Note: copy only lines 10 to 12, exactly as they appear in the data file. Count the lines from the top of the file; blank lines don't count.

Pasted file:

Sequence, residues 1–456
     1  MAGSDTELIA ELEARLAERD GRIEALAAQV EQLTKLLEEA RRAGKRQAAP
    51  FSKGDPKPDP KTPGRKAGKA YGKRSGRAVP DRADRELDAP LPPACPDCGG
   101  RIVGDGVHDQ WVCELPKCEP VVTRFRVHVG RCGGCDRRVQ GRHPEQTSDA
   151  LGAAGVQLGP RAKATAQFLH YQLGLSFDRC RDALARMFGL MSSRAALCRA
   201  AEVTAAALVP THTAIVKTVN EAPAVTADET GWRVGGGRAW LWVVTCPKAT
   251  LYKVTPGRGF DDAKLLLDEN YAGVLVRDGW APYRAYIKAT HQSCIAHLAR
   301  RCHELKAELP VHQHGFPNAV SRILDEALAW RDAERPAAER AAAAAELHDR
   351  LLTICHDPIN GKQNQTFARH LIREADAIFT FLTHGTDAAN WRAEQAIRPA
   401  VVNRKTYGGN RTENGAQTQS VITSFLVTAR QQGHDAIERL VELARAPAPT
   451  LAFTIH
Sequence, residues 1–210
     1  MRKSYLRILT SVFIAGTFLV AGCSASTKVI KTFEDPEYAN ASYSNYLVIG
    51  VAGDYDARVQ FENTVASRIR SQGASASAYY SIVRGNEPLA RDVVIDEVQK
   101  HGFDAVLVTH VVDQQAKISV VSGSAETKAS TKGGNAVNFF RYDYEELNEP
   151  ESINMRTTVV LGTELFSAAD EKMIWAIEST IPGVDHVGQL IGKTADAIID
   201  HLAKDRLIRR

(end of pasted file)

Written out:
   401  VVNRKTYGGN RTENGAQTQS VITSFLVTAR QQGHDAIERL VELARAPAPT
   451  LAFTIH
Sequence, residues 1–210